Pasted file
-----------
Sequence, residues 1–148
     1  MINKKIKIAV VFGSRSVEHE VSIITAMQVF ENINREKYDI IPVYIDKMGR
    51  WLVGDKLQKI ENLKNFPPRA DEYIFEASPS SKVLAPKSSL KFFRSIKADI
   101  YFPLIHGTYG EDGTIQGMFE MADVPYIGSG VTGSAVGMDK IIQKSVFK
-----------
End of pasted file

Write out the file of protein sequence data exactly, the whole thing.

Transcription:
Sequence, residues 1–148
     1  MINKKIKIAV VFGSRSVEHE VSIITAMQVF ENINREKYDI IPVYIDKMGR
    51  WLVGDKLQKI ENLKNFPPRA DEYIFEASPS SKVLAPKSSL KFFRSIKADI
   101  YFPLIHGTYG EDGTIQGMFE MADVPYIGSG VTGSAVGMDK IIQKSVFK